Carbohydrate storage in five resprouting Florida scrub plants across a fire chronosequence
Article first published online: 9 JAN 2006
Volume 170, Issue 1, pages 99–106, March 2006
How to Cite
Olano, J. M., Menges, E. S. and Martínez, E. (2006), Carbohydrate storage in five resprouting Florida scrub plants across a fire chronosequence. New Phytologist, 170: 99–106. doi: 10.1111/j.1469-8137.2005.01634.x
- Issue published online: 9 JAN 2006
- Article first published online: 9 JAN 2006
- Received: 29 September 2005 Accepted: 4 November 2005
- anthrone technique;
- Florida scrub;
- nonstructural carbohydrates (NSC)
- • Most research analyzing nonstructural carbohydrate (NSC) concentrations on resprouter species in fire-controlled ecosystems has concentrated on how NSC concentrations recover immediately after fire. However, we know little of the effect of long periods without fire on NSC concentrations.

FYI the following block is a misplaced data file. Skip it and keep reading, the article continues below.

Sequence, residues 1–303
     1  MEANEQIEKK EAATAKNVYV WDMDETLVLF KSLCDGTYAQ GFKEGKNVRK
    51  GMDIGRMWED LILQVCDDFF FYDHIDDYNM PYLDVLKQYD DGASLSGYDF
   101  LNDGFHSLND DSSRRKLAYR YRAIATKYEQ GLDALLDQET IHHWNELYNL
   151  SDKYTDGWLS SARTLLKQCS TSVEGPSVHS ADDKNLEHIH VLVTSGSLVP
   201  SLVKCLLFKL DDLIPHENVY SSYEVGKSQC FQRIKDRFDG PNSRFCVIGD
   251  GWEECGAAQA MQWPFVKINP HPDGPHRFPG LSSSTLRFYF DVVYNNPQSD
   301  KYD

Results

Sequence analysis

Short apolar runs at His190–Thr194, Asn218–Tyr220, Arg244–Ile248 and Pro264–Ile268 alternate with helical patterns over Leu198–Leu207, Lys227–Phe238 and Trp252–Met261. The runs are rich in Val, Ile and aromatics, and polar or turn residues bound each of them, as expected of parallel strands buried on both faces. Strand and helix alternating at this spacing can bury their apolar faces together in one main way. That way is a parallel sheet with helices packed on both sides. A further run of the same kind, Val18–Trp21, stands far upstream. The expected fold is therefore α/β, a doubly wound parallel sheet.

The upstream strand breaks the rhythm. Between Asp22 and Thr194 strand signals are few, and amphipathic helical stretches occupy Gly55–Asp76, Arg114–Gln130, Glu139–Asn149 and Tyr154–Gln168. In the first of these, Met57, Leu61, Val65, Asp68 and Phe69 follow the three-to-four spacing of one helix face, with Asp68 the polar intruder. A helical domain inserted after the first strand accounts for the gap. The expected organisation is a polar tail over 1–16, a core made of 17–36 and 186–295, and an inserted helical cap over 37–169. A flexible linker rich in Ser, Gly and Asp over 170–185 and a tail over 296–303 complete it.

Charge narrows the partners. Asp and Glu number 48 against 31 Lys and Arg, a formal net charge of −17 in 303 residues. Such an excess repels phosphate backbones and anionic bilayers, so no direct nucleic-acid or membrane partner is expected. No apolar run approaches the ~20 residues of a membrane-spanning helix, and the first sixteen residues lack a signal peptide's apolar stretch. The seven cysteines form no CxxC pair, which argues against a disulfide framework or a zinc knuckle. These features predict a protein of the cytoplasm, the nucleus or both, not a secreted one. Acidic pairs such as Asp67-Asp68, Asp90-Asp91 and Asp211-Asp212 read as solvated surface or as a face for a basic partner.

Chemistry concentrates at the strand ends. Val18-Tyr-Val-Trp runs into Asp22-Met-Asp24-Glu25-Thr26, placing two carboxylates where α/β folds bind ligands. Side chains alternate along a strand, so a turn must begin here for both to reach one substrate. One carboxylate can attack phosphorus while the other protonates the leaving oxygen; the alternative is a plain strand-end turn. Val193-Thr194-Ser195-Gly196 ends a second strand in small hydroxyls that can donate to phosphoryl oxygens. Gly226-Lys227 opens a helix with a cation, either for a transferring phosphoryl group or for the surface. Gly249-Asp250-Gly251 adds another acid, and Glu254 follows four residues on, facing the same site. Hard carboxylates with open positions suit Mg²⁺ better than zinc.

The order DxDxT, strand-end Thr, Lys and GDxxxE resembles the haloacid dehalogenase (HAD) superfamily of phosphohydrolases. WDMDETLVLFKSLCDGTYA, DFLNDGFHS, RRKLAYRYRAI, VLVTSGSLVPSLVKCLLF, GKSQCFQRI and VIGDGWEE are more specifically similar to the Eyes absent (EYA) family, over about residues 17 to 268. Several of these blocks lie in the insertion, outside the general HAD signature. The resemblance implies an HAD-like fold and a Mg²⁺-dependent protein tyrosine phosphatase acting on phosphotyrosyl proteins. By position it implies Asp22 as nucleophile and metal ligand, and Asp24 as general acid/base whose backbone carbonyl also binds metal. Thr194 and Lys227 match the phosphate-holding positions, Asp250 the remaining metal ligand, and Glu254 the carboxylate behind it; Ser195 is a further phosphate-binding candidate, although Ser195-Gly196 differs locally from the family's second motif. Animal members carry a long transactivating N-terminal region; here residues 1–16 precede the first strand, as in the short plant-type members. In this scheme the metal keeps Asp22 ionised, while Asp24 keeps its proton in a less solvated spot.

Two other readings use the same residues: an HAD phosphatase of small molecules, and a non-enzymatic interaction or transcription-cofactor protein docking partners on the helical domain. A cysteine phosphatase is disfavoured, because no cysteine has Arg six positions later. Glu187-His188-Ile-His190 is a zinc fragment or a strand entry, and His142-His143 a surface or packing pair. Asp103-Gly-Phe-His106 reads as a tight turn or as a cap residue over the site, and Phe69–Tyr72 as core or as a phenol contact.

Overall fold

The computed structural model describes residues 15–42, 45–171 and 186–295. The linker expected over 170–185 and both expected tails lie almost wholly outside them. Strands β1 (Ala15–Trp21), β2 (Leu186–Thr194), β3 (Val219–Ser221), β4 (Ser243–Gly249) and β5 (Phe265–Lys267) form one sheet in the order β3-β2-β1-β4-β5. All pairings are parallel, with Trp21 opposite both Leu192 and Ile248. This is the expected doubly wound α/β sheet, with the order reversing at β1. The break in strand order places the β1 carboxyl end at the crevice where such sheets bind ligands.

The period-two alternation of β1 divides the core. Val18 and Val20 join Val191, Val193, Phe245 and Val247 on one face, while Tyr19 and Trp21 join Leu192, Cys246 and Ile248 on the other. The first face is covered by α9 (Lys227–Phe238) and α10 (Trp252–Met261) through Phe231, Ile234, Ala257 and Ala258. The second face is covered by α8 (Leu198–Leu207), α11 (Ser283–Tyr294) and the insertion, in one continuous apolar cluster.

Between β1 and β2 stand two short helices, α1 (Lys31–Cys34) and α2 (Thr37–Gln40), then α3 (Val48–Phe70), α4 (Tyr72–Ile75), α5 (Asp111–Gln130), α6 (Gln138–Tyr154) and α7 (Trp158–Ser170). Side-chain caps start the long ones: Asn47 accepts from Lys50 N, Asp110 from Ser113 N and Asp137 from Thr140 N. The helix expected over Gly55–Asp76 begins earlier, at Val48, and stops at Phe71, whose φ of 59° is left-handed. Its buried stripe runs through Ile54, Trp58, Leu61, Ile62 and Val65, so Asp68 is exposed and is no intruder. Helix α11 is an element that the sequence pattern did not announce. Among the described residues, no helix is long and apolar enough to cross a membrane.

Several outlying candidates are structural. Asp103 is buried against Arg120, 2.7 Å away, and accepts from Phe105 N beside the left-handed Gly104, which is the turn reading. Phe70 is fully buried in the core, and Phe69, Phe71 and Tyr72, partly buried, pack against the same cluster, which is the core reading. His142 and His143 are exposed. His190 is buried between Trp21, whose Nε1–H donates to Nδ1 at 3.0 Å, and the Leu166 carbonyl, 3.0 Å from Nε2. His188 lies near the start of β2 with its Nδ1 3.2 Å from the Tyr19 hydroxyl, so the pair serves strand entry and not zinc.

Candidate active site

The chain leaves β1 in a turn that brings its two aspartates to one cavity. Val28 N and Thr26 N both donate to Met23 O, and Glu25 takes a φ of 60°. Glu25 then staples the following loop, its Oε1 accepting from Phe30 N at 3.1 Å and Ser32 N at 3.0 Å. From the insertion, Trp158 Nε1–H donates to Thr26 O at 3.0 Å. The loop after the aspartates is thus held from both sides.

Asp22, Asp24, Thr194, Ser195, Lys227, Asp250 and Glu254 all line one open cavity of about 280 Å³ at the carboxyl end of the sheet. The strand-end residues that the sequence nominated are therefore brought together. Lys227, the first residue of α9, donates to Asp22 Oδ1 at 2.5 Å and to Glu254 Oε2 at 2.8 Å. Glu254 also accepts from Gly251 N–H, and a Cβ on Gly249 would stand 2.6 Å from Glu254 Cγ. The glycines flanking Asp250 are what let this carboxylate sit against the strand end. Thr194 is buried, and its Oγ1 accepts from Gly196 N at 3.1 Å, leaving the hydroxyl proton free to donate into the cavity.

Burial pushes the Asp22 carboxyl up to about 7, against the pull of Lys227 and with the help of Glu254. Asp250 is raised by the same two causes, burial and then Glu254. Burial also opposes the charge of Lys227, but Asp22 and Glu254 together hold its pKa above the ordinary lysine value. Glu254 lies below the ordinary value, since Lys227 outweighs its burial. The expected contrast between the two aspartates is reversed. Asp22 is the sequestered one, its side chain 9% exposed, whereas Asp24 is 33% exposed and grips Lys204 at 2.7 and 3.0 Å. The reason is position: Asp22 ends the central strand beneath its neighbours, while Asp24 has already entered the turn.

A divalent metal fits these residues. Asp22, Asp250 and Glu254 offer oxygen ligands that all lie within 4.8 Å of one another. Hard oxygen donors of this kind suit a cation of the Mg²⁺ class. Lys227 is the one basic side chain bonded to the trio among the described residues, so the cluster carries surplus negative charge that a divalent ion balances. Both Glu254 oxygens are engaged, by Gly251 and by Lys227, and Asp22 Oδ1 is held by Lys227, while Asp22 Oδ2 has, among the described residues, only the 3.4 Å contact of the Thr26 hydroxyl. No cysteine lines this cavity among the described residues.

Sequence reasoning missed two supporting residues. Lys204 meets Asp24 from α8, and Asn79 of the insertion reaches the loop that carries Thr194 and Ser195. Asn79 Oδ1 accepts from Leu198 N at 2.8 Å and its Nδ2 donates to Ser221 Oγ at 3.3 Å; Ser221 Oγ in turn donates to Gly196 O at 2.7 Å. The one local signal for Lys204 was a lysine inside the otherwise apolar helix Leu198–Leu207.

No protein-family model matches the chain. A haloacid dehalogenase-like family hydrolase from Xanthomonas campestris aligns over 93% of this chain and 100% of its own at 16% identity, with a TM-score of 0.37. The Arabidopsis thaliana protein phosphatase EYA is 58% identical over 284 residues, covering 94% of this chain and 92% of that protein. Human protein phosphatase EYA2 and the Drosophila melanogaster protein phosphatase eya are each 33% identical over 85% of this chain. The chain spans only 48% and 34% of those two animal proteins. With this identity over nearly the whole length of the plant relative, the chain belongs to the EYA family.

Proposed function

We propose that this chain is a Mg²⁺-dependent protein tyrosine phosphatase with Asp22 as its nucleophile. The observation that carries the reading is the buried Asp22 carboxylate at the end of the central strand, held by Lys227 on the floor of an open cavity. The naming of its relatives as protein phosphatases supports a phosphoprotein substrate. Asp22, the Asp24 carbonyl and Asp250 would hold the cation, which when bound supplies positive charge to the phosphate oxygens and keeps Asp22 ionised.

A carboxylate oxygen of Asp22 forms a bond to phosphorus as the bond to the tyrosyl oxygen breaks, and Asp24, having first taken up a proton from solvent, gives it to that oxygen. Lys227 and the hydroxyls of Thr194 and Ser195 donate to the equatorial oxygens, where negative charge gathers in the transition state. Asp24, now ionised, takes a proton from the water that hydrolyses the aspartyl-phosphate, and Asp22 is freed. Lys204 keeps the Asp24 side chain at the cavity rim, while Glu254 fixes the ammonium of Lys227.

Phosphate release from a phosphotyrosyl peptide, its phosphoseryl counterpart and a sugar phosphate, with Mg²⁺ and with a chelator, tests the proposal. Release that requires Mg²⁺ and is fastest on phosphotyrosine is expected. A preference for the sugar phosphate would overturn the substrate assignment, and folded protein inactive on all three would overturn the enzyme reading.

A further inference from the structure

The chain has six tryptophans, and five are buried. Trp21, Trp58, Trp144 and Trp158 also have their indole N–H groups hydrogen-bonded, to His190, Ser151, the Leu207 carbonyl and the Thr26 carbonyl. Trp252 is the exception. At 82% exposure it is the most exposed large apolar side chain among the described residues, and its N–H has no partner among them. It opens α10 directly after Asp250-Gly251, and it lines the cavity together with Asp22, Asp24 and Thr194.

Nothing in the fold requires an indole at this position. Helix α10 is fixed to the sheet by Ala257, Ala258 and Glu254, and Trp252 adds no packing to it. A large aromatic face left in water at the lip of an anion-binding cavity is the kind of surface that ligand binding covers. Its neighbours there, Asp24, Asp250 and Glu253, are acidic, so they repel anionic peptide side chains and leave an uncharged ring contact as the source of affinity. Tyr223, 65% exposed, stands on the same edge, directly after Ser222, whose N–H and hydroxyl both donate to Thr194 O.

- • In order to assess the effect of different periods of time-since-fire on resprouter species, we studied carbohydrate concentrations (total [NSC], soluble sugars [SS] and nonsoluble sugars [NSS]) in five resprouting species with contrasting trends of abundance across a chronosequence of time-since-fire (0.5–40 yr) in Florida.
- • Carbohydrate concentrations were highest in species with specialized reserve organs. [SS] was mainly explained by factors related to plant size, whereas time-since-fire was the main factor explaining [NSS]. Changes in [NSS] and [NSC] were correlated with the time-since-fire abundance patterns.
- • Variation in [NSS] carbohydrates can be related to the structural development of vegetation, with only those species capable of accessing full light able to accumulate carbohydrates, whereas subordinate plants show reductions in the [NSS] carbohydrate fractions. In areas with long intervals between fires, this carbohydrate reduction could affect subsequent postfire resprouting vigour, although this remains to be confirmed.